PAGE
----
RALEIGH, N.C. (WNCN) — The stories of Holocaust survivors are terrifying and powerful, but many people haven’t heard them.
According to a 2020 survey, 57 percent of North Carolina millennials reported they did not know six million Jews were killed in the Holocaust. 39 percent reported they did not know what Auschwitz was.
There’s a renewed push to teach middle and high schoolers in North Carolina about the Holocaust beginning in October.
It’s a mission to “never forget.”
The bright blue numbers on Simon Lewenberg’s left arm are now fading.
“142436,” he rattled off without hesitation.
Lewenberg’s identification number, tattooed into his skin at Auschwitz is burned into his brain.
Now at 100 years old and living in Apex, he still remembers being a teenager in Lodz, Poland.
It was never easy for him and his family.
“The Poles never liked the Jews. They were always hateful of the Jews. When there was a chance, they would beat them up if they wandered around in their neighborhood,” Lewenberg recalled.
Things got worse when the German army invaded Poland in 1939.
“When the Nazis came, the Polish people said ‘Juden, Juden.’ They pointed out, to the Nazis, the Jewish people,” Lewenberg said. “The Jewish people had to wear a Star of David. Everyone had to put it on their Jacket, so they knew who the Jews were.”
Lewenberg, his parents, and two brothers were forced to live in the Lodz ghetto, where sickness and death quickly spread from family to family.
There was not enough food, and the threat of being sent away to slave labor or death camps loomed above them.
“We went there, and we were escorted by the SS men, with bayonets and rifles,” he said.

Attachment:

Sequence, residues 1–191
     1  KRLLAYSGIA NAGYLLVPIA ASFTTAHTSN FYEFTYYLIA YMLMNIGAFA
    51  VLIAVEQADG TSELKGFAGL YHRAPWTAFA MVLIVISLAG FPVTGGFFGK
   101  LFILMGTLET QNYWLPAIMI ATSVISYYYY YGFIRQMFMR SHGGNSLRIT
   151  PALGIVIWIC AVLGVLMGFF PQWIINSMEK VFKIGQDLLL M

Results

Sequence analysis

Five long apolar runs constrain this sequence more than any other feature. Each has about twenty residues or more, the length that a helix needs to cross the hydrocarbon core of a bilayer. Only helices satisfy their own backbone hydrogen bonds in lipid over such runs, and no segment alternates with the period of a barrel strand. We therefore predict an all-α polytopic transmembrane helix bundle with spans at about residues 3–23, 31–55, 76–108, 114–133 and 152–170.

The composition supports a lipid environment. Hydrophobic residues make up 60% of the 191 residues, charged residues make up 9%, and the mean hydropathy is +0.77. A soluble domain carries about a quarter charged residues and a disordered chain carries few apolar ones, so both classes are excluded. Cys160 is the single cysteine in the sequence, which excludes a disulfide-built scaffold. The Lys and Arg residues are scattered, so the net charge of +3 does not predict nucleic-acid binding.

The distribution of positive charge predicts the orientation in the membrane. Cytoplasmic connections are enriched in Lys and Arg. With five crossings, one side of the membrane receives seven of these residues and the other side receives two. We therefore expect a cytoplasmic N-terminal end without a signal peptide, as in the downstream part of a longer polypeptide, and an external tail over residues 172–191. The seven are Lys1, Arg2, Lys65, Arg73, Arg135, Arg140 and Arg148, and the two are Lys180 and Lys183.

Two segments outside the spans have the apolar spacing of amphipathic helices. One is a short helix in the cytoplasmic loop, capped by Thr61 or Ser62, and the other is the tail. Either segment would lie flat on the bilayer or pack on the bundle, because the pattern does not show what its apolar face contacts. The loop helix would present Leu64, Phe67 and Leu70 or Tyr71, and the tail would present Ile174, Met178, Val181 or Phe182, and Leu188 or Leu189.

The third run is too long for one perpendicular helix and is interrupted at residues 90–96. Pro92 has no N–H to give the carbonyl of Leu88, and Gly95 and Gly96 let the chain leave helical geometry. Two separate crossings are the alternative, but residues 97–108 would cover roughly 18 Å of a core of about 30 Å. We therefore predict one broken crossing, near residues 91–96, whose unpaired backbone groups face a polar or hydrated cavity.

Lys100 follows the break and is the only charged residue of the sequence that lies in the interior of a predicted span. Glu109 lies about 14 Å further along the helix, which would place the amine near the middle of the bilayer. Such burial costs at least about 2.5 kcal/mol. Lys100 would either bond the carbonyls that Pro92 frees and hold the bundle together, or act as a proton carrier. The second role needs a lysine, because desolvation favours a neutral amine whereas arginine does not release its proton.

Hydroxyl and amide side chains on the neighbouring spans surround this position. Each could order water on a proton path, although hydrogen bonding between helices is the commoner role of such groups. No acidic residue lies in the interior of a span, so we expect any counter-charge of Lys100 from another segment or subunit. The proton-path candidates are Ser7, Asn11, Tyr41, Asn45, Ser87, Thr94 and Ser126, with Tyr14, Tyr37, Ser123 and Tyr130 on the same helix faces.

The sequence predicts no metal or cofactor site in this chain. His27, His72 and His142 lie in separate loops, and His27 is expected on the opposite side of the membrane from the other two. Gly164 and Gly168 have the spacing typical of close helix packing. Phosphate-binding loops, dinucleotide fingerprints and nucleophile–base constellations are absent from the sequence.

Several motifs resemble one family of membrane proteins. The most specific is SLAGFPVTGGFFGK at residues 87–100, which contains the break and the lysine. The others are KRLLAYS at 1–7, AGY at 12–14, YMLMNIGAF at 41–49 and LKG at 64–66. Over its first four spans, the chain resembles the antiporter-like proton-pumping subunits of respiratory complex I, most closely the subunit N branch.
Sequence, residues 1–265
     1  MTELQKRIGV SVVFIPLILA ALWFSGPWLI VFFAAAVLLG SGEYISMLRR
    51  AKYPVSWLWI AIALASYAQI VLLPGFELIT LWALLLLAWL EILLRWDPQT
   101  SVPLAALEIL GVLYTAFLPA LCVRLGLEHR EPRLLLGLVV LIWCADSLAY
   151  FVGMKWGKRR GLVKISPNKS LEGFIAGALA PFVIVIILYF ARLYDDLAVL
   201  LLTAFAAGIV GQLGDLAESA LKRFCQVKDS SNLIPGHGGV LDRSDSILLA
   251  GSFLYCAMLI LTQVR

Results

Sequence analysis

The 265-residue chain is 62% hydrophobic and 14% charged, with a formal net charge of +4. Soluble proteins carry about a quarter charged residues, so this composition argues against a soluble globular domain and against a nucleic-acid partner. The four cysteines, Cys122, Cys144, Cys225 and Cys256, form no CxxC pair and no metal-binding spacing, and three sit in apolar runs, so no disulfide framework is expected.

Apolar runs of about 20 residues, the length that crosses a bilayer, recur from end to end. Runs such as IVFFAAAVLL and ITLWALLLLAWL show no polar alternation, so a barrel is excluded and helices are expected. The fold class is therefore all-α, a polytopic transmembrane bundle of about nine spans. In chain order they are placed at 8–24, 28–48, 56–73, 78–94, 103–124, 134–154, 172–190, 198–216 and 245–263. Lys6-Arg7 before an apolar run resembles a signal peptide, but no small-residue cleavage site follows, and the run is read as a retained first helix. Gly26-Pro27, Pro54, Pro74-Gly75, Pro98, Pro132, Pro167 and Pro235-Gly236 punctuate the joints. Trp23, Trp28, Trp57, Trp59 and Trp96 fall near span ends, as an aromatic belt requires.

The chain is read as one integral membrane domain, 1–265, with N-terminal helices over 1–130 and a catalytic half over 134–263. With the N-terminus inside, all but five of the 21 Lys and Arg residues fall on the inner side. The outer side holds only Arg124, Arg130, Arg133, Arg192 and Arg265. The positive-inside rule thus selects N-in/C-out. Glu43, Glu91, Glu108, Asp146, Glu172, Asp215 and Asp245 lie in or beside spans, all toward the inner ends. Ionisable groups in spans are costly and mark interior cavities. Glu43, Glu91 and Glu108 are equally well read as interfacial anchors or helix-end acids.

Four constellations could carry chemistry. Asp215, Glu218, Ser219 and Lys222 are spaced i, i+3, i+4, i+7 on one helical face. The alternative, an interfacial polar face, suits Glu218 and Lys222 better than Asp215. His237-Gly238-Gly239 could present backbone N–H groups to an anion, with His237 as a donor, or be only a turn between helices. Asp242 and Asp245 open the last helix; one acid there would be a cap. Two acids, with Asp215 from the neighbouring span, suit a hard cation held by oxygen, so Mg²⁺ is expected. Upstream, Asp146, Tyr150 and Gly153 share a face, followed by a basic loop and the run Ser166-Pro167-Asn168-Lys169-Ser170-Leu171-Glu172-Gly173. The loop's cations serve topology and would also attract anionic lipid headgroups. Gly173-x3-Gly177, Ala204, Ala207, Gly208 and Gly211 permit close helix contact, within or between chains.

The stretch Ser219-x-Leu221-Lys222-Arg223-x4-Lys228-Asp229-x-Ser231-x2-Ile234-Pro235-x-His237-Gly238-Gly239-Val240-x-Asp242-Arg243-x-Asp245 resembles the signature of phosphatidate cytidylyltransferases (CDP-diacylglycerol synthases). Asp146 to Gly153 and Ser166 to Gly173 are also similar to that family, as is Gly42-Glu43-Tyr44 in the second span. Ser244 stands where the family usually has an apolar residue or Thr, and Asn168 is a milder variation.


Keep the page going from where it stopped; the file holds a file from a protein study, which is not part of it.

For the next five years, Lewenberg went from camp to camp, enduring the unimaginable.
“We lined up and the SS man was directing us to a line, which way to go,” he explained. “To the left or to the right.”
Right, to die. Left, another chance to live.
Lewenberg relives the disturbing moments at each place, again and again.
“We stood naked in the snow. I was completely naked, barefooted in the snow. [We went] from one barrack to another. We went into a shower room, and we held hands. We said, ‘they’re going to gas us,'” he recalled. “Instead, they opened up the showers, and nice warm water came out.”
It’s these stories Karen Klaich needs the next generation to hear.
“One out of three students do not know about the Holocaust. They cannot tell you the name of a concentration camp. They don’t know any facts about what anti-Semitism is and even how to explain that,” she said.
The program coordinator for the North Carolina Council on the Holocaust has been working with her team and the North Carolina Department of Public Instruction to create a brand-new curriculum for middle and high school students.
The Gizella Abramson Holocaust Education Act passed in 2021, requiring North Carolina public schools to teach the Holocaust.
Before, it wasn’t mandated. It was up to each school district, and teacher, to educate their students on the difficult subject.
“Some of the simulation activities we’ve heard about, are you get the dimensions of a cattle car, you take that down and you stand your students there and you tell them, ‘well, this is this is an activity that’s going to show you what it was like to ride on a train to Auschwitz,'” explained Klaich. “Well, no, it doesn’t simulate that. You’re not recreating those conditions. And again, why would you want to?”